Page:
Forgive my dipping into hyperbole for the caption, but there really wasn't another way to go. It's not just the fact that the PRO-110FD creates a beautiful image. It's that the image it creates is such a step above every other flat panel on the market that it is not even comparable. There's that hyperbole again. I'll stop and let the performance speak for itself.
I wish I could say I had some clever reason for reviewing two nearly identical plasmas. Perhaps there was, but it's lost to me now. A few months ago, Panasonic asked me if I wanted to review the TH-50PZ700U, so I said sure. Then, a month or so later, they asked me if I wanted to review the TH-42PZ700U, so I said sure. It's not all magic here, folks. Sometimes this kind of excitement just happens.
It was way back in the June 2005 issue that I built an HTPC from scratch—I mean really from scratch, as in out of wood. For those of you who may have missed it, you can find it at www.hometheatermag.com under the GearWorks section. It was a great experiment, and it basically worked. I haven't felt any effects of the RF radiation of 3.6 gigahertz (there was no shielding), and the minimal amount of innards-securing hasn't been an issue. (At 54 pounds, it does not get moved much.)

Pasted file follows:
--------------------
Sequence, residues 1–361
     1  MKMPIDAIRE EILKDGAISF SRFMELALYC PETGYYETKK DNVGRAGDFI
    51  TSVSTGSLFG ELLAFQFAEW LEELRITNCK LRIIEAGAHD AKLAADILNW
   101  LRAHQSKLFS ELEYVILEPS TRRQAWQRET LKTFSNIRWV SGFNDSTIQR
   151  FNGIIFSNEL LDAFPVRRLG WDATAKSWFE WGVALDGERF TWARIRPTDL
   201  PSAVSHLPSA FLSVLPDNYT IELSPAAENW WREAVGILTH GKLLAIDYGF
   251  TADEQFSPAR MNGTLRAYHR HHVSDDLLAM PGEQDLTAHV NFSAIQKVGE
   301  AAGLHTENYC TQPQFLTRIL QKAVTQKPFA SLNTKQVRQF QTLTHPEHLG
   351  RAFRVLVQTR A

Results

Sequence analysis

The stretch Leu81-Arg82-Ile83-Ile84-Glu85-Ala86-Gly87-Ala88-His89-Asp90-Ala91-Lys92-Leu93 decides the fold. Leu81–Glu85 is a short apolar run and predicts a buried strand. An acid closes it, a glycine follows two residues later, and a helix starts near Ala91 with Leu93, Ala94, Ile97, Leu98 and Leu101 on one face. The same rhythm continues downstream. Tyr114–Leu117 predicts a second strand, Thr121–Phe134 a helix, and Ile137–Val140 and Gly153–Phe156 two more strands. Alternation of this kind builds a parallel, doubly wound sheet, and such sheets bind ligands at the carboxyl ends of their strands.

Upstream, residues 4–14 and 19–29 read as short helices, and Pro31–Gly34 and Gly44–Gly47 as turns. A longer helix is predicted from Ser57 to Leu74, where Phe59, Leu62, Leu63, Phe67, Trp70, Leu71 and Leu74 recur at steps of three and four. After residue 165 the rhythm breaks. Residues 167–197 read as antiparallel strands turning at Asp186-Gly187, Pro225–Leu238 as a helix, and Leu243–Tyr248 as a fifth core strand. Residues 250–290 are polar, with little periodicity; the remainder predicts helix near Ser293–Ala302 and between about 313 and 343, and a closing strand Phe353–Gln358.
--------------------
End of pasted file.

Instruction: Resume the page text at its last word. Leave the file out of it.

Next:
Planar, the biggest company you’ve never heard of, has really hit the ground running at CEDIA this year. Fresh off their purchase of the fabled Runco brand, Planar showed off several new 1080p projectors.
Mitsubishi announced the HC6000, an update of the HC5000. They seem to have addressed all the issues we had with the 5000, such as the slow iris, and tiny menu size, but kept the things we liked, like the HQV processing and the low price. In fact, that got a bit lower, the HC6000 is “under $4000” and should be available in the middle of October.
Here’s a better pic of the Sharp BD player, the BD-HP20U, that I talked about many posts below. Turns out the “10 seconds on” is not exactly true, that’s if the player is already on and ready to go. From what they were telling me, it will still turn on quickly from off, but not that quickly.
It’s $999, has HQV processing, plays Blu-ray and HD DVD. What else do you need to know? Oh, the model number probably. BD-UP5000. Look for it before the end of the year. What a coincidence it’s the same price as the product in the post below…
Released just last week, DVDO’s iScan VP50Pro is the first THX Certified scaler. It also has HDMI 1.3, and will accept and spit out just about every resolution you can imagine. Along with deinterlacing of 1080i and below, there is also mosquito noise reduction, detail enhancements, and just about every other goody you’d expect from a scaler. It’s $3,500.